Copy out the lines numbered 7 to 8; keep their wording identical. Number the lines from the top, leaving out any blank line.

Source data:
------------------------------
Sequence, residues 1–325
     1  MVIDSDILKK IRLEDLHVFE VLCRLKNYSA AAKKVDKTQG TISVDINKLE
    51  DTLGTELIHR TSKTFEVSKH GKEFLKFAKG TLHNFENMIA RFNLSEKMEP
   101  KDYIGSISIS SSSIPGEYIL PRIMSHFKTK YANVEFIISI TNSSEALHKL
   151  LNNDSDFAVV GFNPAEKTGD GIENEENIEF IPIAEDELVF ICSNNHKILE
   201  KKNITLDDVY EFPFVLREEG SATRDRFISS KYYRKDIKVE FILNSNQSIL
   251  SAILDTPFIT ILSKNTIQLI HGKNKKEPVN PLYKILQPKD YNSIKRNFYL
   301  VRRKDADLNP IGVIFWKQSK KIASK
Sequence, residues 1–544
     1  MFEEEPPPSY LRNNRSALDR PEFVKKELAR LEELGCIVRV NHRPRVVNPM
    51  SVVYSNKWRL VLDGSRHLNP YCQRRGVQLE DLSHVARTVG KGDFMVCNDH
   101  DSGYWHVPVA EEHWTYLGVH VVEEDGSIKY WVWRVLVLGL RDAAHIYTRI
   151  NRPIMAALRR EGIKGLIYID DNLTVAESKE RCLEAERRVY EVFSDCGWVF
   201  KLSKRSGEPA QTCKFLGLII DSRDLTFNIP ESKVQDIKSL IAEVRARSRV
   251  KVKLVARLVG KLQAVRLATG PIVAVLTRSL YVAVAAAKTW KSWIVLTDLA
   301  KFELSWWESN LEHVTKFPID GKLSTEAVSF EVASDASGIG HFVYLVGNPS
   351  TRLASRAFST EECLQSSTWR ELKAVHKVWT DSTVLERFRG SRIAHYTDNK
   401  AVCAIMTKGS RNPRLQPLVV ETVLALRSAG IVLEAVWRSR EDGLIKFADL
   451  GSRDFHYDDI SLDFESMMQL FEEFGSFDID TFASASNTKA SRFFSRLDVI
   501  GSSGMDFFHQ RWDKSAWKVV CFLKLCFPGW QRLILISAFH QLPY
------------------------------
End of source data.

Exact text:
   251  SAILDTPFIT ILSKNTIQLI HGKNKKEPVN PLYKILQPKD YNSIKRNFYL
   301  VRRKDADLNP IGVIFWKQSK KIASK